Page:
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Play Zork on the Raspberry Pi

If you’re looking for a bit of old-school text adventure nostalgia, you can play Zork (and many other classic text adventures) on the Raspberry Pi. Some of my earliest memories were of playing text adventure games on the clicky-clacky keyboard of the BBC Micro – in particular Twin Kingdom which featured early AI characters who would come and annoy you.

Zork was one of the original adventure games, written back in the 70s by a team who went on to form a company called Infocom, creator of numerous computer game hits of the 80s and 90s. It was an extension of the crystal cave adventure game, written for the colossal PDP10 computer.

Zork spawned numerous sequels, and arguably inspired a whole genre of ‘interactive fiction’. Today there are many interactive fiction titles you can download and play, and it’s even possible to create your own using the Inform programming language.

You can play Zork using a piece of software called Frotz – this is a ‘Z-Machine’  (the Z referring to Zork) which compiles and plays Z-code or story files. The beauty of the Z-machine approach is that the same story files can be played on almost any computer.

To get started you can download Zork 1-3 for free from the Infocom site here. Just download the zip files and extract them to a directory on your home folder.

And to play on the Raspberry Pi, enter the terminal and type:

sudo apt-get install frotz

To download Frotz, then once you’ve downloaded some inform files you can start them with the command:

frotz ZORK1.DAT

and that’s it!

Frotz is fairly self explanatory, you can save and restore game files, and use all the usual ‘look at mailbox’ ‘talk to dwarf’ ‘take key’ type commands.

Tip: if you’re using the X desktop you can navigate to the folder containing the Zork1.dat file by using the file manager and selecting open this folder in the terminal from the menu. This saves typing the cd/long/directory/structure stuff.

If you get stuck there’s a map of the Zork empire from 1979 here.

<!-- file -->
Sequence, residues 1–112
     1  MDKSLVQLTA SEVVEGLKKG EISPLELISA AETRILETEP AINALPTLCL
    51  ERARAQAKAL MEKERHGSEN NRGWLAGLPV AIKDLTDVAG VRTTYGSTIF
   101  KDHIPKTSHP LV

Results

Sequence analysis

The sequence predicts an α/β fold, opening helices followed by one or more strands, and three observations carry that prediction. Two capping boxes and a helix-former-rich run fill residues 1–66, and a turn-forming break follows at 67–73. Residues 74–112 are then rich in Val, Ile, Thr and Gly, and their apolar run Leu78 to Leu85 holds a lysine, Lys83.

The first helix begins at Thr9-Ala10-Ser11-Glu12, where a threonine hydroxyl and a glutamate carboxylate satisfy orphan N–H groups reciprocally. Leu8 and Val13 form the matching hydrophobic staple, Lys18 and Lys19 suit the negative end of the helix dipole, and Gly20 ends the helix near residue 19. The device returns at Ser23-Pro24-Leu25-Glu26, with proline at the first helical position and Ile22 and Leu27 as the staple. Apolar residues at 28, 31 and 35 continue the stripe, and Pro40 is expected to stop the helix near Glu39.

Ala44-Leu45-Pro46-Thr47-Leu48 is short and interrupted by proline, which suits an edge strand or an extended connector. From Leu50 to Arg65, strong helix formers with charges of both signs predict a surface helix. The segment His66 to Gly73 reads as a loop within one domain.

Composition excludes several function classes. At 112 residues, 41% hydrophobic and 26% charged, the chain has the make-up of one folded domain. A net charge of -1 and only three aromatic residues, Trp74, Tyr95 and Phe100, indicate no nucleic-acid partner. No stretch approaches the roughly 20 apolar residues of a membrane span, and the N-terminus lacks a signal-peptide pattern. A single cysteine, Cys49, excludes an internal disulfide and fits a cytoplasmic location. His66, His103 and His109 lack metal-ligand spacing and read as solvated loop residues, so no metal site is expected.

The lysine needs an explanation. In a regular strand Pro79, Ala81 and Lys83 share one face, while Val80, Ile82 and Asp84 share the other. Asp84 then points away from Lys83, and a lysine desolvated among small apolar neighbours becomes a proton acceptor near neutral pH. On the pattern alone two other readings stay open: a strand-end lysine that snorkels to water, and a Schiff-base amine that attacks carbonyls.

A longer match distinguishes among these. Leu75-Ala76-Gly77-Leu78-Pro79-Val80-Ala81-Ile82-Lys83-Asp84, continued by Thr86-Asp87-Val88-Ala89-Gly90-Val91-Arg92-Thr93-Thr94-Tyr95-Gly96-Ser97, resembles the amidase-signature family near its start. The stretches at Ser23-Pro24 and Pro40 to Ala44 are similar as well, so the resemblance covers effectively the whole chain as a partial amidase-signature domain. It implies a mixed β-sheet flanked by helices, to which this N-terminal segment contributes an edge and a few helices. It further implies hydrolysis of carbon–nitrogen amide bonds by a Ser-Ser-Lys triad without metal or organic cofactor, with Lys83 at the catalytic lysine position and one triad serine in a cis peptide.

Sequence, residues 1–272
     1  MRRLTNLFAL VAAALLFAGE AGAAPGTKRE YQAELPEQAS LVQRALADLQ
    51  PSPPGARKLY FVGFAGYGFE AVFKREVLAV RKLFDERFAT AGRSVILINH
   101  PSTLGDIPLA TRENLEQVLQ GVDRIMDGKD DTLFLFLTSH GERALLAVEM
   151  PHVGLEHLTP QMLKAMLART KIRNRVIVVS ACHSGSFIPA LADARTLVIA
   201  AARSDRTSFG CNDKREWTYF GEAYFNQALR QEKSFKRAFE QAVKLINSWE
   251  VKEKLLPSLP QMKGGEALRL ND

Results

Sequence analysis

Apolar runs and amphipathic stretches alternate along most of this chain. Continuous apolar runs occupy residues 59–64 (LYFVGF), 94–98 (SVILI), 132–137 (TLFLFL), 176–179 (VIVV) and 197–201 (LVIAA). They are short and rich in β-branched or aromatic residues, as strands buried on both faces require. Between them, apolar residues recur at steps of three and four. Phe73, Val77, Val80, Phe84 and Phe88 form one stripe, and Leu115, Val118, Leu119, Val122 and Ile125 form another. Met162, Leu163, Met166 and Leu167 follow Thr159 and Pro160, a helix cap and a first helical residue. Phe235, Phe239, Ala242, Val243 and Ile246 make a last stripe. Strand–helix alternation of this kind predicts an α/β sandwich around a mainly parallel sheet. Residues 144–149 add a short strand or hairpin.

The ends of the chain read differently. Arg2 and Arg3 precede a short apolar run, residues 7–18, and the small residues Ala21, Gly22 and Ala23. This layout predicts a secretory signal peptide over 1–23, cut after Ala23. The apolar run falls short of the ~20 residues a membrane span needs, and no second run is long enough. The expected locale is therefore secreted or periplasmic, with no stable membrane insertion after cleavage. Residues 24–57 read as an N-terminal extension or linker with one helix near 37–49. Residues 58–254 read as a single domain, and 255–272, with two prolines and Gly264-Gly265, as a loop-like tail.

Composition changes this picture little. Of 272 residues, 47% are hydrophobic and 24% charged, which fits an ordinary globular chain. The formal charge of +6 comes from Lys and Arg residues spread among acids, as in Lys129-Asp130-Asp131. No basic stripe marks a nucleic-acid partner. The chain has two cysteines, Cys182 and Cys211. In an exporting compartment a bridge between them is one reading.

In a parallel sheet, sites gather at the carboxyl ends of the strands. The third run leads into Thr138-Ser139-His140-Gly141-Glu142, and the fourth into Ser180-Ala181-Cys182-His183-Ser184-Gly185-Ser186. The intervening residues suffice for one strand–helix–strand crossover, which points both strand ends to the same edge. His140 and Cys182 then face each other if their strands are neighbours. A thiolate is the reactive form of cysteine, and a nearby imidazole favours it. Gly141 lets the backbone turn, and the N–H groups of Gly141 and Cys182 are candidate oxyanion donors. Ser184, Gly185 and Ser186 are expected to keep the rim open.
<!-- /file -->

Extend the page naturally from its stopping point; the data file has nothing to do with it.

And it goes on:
Next step is to create a Raspberry Pi text adventure game, perhaps along the lines of ‘Waiting for Pi?’

18 replies on “Play Zork on the Raspberry Pi”

Great of you to point this out! “gargoyle-free” also works for those who prefer something to run in its own window in LXDE (and has nicer fonts, IMO ;))

There is some cracking new IF to be played too, is a great archive for it – Emily Short, Adam Cadre, Plotkin, Aaron Reed are good names to get going with.

Also, for beginners, this list of games is particularly helpful:

Can I recommend BrandX the adventure that went on to be adapted as Philospher’s Quest. It is downloadable from and playable in Frotz.

Also there is a much expanded Countdown to Doom (and the two other Doom games which I don’t think were published on the Beeb).

Plus of course if you poke around you will find a whole heap of games new and old. Some of which are very fine indeed.

If you want to write your own games for Frotz I can recommend Inform by Graham Nelson.

These days, you’d be better off with Gargoyle rather than Frotz. I’m not sure if it’s in the APT repos for the Raspberry PI’s Debian repo (it’s not in Arch Linux ARM), but if it is, it’s *very* much worth it as it can play not only Z-code games, but glk and virtually all of the other major IF formats.

Thanks andyl – Graham Nelson also wrote Curses, which is a beautiful game in itself – highlights including a magical slide projector that allows you to travel in time, and a bit where you have to alter the fundamental laws of the universe to get past a puzzle.

Keith – am definitely going to try out Gargoyle – even if it’s just to try playing !Fish again – I remember playing this on an Archimedes A310 and it being a struggle just to get it to load!

Tanks for this – I used to spend hours in my lunchtime and after work playing text adventures on a Vt100 (I think it was). Nowadays I play games such as Assassin’s Creed but I hate graphic adventure games.

All I need now is green text – must be able to, does anyone know the command? – to make my retro experience complete.



xterm -fg green -bg black &

Will produce the desired affect. You can also substitute gold for green for an amber terminal.

Infocom only seem to be offering Zork for Windows and Mac so there’s no .DAT file. Advice please!


Infocom only seem to be offering Zork for Windows and Mac so there’s no .DAT file. Advice please!


Infocom only seem to be offering Zork for Windows and Mac so there’s no .DAT file. Advice please!


Oh dear, clearly my week for being a total idiot. I was certain I’d checked in the data folder. Sorry about that, thanks Pete – and Jimmy for the green text command.


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